PIXABAY, JOELFOTOSNo chimp is an island. According to a November 2 study published in Nature Communications, chimpanzees exhibit fewer signs of stress when they are surrounded by “bond partners”—individuals with whom they share a strong social relationship—even when facing dangerous or otherwise stressful scenarios.
“We believe humans are very special because they can have these interesting relationships between each other that last over the years,” study coauthor Roman Wittig, a primatologist at the Max Planck Institute for Evolutionary Biology in Leipzig, Germany, told The Christian Science Monitor. “The feeling of good friendship, of strong bonds is something that chimpanzees can feel, too.”
While experts still debate whether non-human animals can display true empathy, seemingly altruistic behavior is well-documented in chimpanzees. One prior study even found that chimpanzees are capable of comforting their bond partners, and displaying as much apparent empathy as human children.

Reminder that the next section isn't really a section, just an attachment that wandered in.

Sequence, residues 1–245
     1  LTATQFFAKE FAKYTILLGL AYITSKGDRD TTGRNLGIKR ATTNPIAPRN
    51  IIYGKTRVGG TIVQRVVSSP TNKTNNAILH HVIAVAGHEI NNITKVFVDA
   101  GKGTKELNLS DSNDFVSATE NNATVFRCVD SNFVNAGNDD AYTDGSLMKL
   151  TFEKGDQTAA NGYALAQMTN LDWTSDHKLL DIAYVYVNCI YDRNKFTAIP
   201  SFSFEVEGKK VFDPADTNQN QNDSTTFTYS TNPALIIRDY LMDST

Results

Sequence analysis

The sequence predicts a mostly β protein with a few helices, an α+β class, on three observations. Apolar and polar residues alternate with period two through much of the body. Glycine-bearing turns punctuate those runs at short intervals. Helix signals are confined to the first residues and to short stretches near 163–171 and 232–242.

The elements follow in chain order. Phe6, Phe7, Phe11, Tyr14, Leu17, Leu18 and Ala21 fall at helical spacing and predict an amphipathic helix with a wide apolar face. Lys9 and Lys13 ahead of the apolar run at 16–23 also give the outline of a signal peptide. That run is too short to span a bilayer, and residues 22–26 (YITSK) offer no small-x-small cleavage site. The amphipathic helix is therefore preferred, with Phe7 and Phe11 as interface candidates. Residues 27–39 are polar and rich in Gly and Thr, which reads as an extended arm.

But this latest study adds physiological data to prior observations. Wittig and colleagues observed the stress levels of 17 chimpanzees in their natural habitats by measuring the amount of stress hormones known as glucocorticoids in the primates’ urine. The researchers found that whether chimpanzees were at rest, engaged in routine activities, or facing imminent (and potentially dangerous) territorial disputes, their stress levels remained in check as long as their bond partners were nearby. For the purpose of this study, Wittig and colleagues identified bond partners as chimps that shared food and groomed one another over the course of several months or years.
Martin Muller, an anthropologist at the University of New Mexico who was not involved in the study, told the Christian Science Monitor that further research is necessary to confirm these results. For now, Muller noted that the present study has shown that measuring glucocorticoid levels in chimpanzees “is a way to very clearly measure the impact that a social bond can have.”